When COVID-19 caused the cancellation of state assessments in 2020, it created a rare opportunity to re-evaluate what parts of our public education system were working and which needed changes.
Without state test results, school districts didn’t know what knowledge students had acquired and where educators would need to support students in the next academic year. Further, they couldn’t gauge whether their instructional strategies were working toward Florida’s long-standing goal of closing achievement gaps.
However, the pandemic also created an opportunity to ask if gathering summative data at the end of the year is adequate for monitoring students’ academic progress. Now, state lawmakers are considering overhauling the way we assess students by using a progress monitoring system three times a year in the fall, winter, and spring. The goal is to provide timely, actionable data on student learning to teachers and parents.
This represents a promising, and potentially monumental, shift in education policy. But its success will all come down to implementation. Even if welcomed, the new system represents a significant lift for an already pandemic-weary teaching force.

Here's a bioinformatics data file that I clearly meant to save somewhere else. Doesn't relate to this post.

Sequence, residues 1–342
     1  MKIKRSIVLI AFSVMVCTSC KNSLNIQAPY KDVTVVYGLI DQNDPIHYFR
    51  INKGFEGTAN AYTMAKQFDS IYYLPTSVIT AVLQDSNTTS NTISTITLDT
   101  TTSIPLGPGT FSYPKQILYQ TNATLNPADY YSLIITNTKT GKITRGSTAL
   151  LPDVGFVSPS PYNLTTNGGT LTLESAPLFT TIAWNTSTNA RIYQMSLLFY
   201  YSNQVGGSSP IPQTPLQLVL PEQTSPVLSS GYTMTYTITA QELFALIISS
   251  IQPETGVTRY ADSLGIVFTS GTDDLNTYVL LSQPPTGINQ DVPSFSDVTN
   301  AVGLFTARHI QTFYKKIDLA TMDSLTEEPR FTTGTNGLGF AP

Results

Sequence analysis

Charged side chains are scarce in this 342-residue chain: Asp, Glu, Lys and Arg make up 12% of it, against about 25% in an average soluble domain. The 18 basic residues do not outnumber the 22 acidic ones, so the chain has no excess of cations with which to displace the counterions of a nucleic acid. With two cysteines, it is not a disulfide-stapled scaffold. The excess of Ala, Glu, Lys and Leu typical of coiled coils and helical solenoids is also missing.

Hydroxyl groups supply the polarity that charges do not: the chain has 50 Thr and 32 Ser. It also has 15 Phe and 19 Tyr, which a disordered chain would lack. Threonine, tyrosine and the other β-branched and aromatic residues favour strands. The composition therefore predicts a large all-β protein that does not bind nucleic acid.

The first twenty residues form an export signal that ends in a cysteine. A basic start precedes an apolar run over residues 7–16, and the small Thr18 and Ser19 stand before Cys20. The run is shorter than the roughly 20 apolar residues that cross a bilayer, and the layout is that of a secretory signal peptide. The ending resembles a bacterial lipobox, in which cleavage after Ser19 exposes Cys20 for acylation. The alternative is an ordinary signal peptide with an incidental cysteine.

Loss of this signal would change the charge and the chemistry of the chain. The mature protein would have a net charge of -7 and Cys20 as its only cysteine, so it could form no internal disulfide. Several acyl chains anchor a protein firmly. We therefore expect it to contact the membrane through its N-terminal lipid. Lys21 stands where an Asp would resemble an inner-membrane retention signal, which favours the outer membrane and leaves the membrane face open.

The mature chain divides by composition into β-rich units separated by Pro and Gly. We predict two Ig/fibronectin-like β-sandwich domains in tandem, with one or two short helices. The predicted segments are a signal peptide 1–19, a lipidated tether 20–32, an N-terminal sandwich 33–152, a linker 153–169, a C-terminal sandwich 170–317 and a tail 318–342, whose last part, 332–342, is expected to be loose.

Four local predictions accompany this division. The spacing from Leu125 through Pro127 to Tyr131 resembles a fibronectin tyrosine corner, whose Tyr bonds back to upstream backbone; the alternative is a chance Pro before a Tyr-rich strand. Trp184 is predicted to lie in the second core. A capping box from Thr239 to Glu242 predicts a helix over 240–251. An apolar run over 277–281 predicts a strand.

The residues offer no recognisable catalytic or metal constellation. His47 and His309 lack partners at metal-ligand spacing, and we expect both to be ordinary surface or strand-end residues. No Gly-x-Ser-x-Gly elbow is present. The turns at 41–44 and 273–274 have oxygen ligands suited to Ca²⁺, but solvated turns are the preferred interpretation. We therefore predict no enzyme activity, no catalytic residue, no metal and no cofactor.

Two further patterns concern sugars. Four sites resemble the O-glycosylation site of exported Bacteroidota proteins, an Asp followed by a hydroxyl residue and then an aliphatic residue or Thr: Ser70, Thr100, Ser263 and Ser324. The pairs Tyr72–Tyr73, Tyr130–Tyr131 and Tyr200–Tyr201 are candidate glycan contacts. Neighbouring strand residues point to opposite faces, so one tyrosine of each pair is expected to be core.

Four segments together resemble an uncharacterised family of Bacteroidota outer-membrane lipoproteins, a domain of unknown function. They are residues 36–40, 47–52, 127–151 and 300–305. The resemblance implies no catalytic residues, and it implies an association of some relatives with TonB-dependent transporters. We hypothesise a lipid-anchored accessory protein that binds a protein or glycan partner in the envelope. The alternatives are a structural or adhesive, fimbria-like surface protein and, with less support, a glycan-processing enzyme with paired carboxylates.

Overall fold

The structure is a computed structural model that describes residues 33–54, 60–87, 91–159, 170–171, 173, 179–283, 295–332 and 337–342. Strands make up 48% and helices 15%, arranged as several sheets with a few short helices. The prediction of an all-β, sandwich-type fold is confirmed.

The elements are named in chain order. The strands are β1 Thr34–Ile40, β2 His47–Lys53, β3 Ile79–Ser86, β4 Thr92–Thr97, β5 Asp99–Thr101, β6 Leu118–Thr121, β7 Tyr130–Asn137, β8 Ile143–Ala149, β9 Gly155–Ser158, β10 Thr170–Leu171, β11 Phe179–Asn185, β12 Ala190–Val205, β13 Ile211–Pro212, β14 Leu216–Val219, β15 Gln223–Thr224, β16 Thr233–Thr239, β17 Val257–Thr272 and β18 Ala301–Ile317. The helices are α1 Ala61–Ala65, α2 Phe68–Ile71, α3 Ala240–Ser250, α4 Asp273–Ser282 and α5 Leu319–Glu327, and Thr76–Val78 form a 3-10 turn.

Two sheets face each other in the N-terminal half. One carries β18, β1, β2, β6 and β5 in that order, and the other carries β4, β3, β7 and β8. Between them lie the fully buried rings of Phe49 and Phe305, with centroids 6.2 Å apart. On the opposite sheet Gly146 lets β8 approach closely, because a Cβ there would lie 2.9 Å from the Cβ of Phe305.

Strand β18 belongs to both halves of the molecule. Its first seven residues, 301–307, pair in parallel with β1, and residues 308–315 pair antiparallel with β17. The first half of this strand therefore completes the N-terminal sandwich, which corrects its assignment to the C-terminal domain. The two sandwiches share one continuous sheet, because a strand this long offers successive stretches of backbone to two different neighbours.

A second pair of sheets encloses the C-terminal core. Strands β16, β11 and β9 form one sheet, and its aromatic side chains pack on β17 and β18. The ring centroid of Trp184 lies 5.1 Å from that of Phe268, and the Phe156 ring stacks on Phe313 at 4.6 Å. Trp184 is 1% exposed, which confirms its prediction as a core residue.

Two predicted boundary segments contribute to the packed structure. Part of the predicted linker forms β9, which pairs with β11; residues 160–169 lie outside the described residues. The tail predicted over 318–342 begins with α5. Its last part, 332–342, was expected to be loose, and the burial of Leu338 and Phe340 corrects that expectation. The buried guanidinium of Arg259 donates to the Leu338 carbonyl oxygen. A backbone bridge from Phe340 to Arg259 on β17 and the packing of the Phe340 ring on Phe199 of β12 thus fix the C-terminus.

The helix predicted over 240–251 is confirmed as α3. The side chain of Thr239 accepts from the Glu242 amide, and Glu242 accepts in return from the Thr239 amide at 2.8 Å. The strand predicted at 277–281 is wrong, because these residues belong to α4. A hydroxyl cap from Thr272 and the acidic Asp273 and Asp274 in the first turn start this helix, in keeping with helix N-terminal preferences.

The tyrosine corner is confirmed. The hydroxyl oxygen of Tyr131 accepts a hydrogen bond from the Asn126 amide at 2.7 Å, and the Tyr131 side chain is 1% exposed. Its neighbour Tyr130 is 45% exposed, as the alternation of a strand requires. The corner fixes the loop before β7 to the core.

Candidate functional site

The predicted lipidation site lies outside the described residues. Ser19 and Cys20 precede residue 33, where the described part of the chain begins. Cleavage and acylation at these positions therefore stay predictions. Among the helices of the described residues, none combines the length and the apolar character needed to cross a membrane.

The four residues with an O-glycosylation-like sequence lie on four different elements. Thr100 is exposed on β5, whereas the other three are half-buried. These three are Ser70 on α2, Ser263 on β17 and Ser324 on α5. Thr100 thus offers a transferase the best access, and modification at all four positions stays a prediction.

At Impact Florida, we believe the thoughtful analysis of data, derived from interim assessments aligned to standards, can be used to improve instruction. Teachers need to know how well their students are learning at regular intervals, so they can build on students’ strengths and accelerate progress where they find gaps.
The effective use of data is one of Impact Florida’s “Five Conditions that Support Great Teaching,” which we developed in partnership with teachers, education researchers, and district leaders. As the Legislature convenes for regular session, we encourage lawmakers to use the lens of the Five Conditions as they consider the move to a system of progress monitoring. Having an eye toward implementation can help ensure schools and teachers are supported effectively.
Teachers need to understand why their state is adopting a new progress monitoring system. We believe professional learning on data literacy and how to use the results to inform decision-making will be key for teachers, instructional coaches, and principals.
These same groups will also need to understand how to implement the new system with fidelity. Assessment data should help inform a shared vision for great teaching, and help schools reflect on whether their instructional materials are meeting their students’ needs.
Policy matters, no doubt. Implementation matters, as well. Bridging the two is essential to ensure this shift has the best possible impact on students.
Mandy Clark is the President of Impact Florida, a nonprofit, nonpartisan organization that believes excellent classroom instruction can move the needle for all students.